Sony E 30mm f/3.5 Macro SEL30M35
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Lab Test Results
January 17, 2012
by Andrew Alexander
Sony released the fourth lens in its NEX lineup of E-mount lenses in mid-2011: the 30mm ƒ/3.5 Macro. It's impressively small and light, yet offers full 1:1 macro resolution and a very short close-focusing distance.
The lens was designed to fit the NEX E-mount, and will not mount on other Sony cameras. It offers an equivalent field of view of 45mm (taking into account the 1.5x ''crop factor'' of the APS-C sensor in the NEX series camera). It is available now for around $300, takes 49mm filters, and ships with a small lens hood.
The 30mm ƒ/3.5 Macro offers good results for sharpness, though it doesn't get to tack-sharp results no matter how far you stop it down. Wide open at ƒ/3.5 it has a generously sharp central region, marred only by slightly soft corners; stopping down helps a little bit with these, but even by ƒ/8 the corners aren't as sharp as the center - and central sharpness has decreased slightly at this point as well. The break-even point seems to be ƒ/5.6, where the corners are slightly tamed, and the center isn't overly affected. It's worth noting that the differences are very slight, so you probably won't notice in every day shooting, but if you're the type to peep closely at your pixels, you might notice it.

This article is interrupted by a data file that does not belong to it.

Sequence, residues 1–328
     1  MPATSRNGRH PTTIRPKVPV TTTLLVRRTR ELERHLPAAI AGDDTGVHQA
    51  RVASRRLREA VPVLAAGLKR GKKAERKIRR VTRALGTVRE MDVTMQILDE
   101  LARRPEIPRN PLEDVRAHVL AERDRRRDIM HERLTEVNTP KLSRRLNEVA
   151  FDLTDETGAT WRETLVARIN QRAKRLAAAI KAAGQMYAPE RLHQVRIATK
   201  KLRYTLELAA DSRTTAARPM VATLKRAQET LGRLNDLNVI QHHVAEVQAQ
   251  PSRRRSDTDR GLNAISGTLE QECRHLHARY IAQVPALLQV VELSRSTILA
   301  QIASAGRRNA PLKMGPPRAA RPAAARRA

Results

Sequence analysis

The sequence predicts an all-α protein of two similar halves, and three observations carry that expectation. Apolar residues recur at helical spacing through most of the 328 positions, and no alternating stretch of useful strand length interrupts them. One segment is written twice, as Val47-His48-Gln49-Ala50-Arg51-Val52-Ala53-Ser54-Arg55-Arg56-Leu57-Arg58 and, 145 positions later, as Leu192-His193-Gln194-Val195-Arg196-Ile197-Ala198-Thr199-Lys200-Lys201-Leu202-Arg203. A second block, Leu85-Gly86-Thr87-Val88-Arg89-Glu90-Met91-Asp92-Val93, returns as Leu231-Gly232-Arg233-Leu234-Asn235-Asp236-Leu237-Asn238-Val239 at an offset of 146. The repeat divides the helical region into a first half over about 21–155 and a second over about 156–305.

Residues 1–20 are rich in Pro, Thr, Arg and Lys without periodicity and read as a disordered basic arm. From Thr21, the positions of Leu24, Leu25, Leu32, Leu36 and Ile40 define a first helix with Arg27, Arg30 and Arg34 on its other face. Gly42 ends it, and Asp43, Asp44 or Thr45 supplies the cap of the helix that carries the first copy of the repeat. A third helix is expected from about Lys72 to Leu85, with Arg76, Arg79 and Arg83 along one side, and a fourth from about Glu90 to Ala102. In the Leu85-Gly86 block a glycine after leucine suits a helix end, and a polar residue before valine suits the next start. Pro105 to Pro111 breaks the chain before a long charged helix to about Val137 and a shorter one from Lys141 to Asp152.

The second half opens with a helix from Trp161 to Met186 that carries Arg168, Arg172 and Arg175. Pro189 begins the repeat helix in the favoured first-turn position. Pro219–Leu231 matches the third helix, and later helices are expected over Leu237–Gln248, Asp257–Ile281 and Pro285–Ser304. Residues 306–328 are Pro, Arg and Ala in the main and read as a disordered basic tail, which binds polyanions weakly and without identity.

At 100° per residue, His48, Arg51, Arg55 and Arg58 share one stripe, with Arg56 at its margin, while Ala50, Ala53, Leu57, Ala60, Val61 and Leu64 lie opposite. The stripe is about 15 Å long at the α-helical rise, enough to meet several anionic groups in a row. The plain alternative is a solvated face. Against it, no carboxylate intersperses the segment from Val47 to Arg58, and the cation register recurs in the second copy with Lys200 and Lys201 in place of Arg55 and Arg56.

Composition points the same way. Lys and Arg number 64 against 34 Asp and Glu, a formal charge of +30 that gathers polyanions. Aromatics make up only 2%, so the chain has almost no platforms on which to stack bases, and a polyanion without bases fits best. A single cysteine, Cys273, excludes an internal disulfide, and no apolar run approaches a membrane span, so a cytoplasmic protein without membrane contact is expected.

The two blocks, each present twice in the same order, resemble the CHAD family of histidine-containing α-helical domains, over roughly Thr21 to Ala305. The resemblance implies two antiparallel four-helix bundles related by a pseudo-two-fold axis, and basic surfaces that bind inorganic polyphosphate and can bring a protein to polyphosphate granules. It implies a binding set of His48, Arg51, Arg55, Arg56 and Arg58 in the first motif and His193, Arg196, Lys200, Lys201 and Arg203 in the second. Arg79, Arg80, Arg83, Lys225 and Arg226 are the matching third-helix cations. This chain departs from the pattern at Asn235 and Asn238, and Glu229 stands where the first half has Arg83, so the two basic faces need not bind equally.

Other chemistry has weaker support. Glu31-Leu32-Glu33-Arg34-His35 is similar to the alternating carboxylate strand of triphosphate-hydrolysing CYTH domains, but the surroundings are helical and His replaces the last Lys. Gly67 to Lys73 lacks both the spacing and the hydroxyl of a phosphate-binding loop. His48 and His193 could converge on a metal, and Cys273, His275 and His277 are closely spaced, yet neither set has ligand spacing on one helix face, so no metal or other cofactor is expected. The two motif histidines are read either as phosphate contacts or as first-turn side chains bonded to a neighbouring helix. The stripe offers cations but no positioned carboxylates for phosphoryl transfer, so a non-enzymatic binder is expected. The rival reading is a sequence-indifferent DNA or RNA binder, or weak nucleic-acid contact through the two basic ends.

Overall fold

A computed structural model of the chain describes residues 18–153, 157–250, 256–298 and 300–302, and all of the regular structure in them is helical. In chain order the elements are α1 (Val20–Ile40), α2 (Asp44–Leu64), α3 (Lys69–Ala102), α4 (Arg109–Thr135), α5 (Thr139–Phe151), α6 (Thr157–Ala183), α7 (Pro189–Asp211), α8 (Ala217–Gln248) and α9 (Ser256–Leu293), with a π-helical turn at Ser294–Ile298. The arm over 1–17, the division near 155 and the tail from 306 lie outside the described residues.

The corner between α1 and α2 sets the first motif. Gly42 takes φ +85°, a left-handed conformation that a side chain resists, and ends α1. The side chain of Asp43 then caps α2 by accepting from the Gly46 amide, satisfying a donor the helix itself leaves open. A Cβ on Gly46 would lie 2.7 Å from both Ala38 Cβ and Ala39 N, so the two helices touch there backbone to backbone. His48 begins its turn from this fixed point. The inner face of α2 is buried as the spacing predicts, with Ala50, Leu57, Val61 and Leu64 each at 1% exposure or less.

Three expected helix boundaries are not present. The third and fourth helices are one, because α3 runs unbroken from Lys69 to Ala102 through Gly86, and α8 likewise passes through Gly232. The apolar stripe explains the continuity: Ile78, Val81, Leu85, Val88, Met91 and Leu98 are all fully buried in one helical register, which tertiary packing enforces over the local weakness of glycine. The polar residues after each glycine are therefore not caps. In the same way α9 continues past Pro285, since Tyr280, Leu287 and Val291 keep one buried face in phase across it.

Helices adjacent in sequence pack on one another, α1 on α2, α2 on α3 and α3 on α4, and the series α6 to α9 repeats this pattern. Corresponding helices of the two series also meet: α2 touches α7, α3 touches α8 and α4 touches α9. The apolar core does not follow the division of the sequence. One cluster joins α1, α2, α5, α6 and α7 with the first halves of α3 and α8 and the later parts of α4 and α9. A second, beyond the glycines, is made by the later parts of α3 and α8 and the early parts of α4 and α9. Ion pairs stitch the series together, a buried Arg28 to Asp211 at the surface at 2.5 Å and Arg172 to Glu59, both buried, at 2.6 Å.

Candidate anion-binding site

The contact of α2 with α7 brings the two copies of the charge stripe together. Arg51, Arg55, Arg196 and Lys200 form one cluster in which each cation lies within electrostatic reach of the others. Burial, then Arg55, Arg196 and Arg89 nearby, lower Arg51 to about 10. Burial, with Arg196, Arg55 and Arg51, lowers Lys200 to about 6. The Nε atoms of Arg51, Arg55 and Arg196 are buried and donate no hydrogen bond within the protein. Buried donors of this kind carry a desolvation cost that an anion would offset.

Stopping down past ƒ/8 leads to some generalized softness due to diffraction limiting, which isn't really notable until ƒ/16 and ƒ/22, where images are still somewhat sharp, just not as sharp as wider apertures.
The 30mm macro shows a little bit more chromatic aberration in images produced with it than we would like - normally CA is present more to the extreme corners, and is less prominent as you move closer to the center of the image. In our sample images however you'll note that areas of high contrast (such as the number targets) show tell-tale signs of red-blue fringing, well towards the center of the image. There is no aperture which performs better than another, so it's just something you'll have to live with, or deal with in post, should it be objectionable to you.
There isn't much to write home about when it comes to corner shading - there's just a hint of it at ƒ/3.5, but the corners are just barely more than a quarter-stop darker than the center, so I think you'll be hard-pressed to notice it.
The Sony 30mm ƒ/3.5 macro does an excellent job taming distortion, despite being a fairly wide-angle lens: average distortion is zero, and the corners show just a trace amount of barrel distortion (+0.1%).
The lens takes under a second to focus from close to infinity, and does so silently. Full-time manual focusing is possible, with a helpful 7x and 14x magnification be available to assist. Attached 49mm filters will not rotate during focus operations.
The hallmark of the lens, the 30mm ƒ/3.5 offers full 1:1 (100%) macro reproduction when used at its close-focusing distance of 9.5cm (around 3 3/4''). Taking into account the size of the lens and the distance of the sensor from the mount, this means that the close-focusing distance is around an inch from the front element of the lens. In addition to the slight impact of distortion at this distance, a chief concern will be getting enough light to hit your subject.